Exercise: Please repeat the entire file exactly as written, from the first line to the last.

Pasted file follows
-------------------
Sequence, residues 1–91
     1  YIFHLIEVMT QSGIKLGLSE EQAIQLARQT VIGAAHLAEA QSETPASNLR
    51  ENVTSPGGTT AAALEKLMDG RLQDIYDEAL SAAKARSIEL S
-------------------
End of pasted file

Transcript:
Sequence, residues 1–91
     1  YIFHLIEVMT QSGIKLGLSE EQAIQLARQT VIGAAHLAEA QSETPASNLR
    51  ENVTSPGGTT AAALEKLMDG RLQDIYDEAL SAAKARSIEL S